IN THEORY, THE A'S OWE '81 TO THE OUTFIELD

May 09, 1982

How well does the A's outfield field? With Rickey Henderson, Dwayne Murphy and Tony Armas in the lineup last year, Oakland had the best record in the American League, 64-45, and its pitching staff had the second-best earned run average, 3.30. But according to a statistical analysis prepared for the A's, a starting outfield with average defensive skills would have given Oakland a 49-60 record, 11th in the league, and the pitchers a 4.71 ERA, last.

These conclusions are based on data collected during 1981's "second season," when an observer recorded all fly balls hit by the A's and their opponents that traveled at least 160 feet in the air without clearing the fence. While the A's were hitting, 52.7% of these balls fell for hits; only 44.8% of such balls hit by Oakland's opposition dropped safely.

Dick Cramer, a research scientist for a pharmaceutical company and co-founder of STATS (Sports Team Analysis and Tracking Systems), reasons that if the A's had an average defense, opponents would have had the same 52.7% of their fly balls fall for hits. Cramer assumes that the 49 games form a representative sample and that defensive positioning and skill are the main factors in catching the ball. By using the A's percentage of hits and extra-base hits as the norm, he figures that Oakland's opponents would have had 65 additional hits against an average outfield. Cramer says the 65 hits the A's outfield "stole" from the opposition represented 70 runs in just 49 games. Over the course of the 109-game season, according to Cramer's computations, the A's would have surrendered 559 runs with an average outfield, rather than the 403 runs allowed by its stingy trio. Thus the increase in ERA. Cramer also says that each additional 10 runs represents roughly one win. Therefore, the A's would have lost 15 more games with an average outfield.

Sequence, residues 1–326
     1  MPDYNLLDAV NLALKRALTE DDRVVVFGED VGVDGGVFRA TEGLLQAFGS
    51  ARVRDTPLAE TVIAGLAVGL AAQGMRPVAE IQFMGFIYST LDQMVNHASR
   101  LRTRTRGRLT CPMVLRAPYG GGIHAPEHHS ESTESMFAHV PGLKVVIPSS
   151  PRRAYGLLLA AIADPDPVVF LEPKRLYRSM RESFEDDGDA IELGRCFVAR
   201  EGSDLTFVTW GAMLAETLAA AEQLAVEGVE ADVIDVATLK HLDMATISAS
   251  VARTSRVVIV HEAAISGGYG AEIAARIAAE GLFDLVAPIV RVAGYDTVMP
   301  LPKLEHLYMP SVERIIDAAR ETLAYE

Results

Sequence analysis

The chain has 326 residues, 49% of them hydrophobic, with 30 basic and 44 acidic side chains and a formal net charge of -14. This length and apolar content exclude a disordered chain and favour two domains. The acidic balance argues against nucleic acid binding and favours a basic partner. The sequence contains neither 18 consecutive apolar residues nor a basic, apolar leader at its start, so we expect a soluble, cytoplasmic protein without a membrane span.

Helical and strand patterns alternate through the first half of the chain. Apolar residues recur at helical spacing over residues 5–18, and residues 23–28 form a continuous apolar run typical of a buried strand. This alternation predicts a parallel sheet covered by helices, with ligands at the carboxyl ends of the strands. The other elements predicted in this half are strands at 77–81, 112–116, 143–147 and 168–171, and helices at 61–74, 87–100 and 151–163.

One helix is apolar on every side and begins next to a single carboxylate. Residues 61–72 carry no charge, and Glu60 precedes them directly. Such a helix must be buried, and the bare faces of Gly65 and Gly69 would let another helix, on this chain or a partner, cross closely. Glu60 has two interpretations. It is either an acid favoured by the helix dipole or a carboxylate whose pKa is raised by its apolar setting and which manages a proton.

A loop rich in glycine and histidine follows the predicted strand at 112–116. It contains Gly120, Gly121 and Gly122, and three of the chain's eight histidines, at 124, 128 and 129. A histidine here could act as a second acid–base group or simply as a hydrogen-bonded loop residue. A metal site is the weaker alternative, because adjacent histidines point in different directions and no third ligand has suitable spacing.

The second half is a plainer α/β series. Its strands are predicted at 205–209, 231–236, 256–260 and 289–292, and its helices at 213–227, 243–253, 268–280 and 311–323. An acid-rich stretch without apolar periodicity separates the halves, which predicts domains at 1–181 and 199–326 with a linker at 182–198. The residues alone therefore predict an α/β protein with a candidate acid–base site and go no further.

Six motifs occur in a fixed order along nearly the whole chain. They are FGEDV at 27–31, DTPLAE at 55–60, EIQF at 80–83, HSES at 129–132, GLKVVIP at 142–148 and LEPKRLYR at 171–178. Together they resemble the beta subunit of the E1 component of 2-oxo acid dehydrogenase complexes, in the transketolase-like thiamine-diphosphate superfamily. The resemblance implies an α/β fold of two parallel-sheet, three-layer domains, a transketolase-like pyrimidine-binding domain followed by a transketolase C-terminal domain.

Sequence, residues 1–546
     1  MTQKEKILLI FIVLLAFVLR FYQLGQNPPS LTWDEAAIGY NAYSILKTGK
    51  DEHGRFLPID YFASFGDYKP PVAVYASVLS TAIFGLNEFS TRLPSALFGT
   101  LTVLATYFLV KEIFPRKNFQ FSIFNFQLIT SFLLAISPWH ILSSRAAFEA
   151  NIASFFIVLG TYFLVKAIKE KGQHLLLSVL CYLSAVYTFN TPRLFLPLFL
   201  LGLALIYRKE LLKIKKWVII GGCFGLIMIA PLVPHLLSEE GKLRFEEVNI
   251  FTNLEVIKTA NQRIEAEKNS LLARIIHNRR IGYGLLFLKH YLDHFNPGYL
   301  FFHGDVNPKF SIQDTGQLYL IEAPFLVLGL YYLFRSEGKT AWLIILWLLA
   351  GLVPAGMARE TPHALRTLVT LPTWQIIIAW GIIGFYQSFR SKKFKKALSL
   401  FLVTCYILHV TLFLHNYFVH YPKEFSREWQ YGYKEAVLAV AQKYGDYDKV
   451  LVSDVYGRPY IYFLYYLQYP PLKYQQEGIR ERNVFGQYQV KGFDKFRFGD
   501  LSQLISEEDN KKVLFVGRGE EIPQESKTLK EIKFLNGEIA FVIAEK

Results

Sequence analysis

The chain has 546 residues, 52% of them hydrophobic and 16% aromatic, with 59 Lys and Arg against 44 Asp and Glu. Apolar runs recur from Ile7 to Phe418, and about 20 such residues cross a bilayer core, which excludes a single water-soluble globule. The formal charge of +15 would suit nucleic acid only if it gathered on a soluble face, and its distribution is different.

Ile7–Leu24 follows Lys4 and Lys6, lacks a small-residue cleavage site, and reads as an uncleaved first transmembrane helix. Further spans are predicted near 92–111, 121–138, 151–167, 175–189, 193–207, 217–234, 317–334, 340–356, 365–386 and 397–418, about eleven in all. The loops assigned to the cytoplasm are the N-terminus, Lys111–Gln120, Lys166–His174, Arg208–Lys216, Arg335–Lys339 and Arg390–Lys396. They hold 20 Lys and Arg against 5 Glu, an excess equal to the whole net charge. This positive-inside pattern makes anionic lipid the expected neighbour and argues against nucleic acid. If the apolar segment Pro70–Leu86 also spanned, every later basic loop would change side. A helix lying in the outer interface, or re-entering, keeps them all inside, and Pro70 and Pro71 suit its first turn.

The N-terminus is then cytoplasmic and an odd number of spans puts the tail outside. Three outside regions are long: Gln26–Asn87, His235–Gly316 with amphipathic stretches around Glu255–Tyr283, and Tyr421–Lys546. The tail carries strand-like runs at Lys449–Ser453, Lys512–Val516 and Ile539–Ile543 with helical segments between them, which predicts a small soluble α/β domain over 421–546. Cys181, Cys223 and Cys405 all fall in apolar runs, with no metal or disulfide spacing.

HOLE YARDS PAR R1 R2 R3 R4
OUT
HOLE YARDS PAR R1 R2 R3 R4
IN
Eagle (-2)
Birdie (-1)
Bogey (+1)
Double Bogey (+2)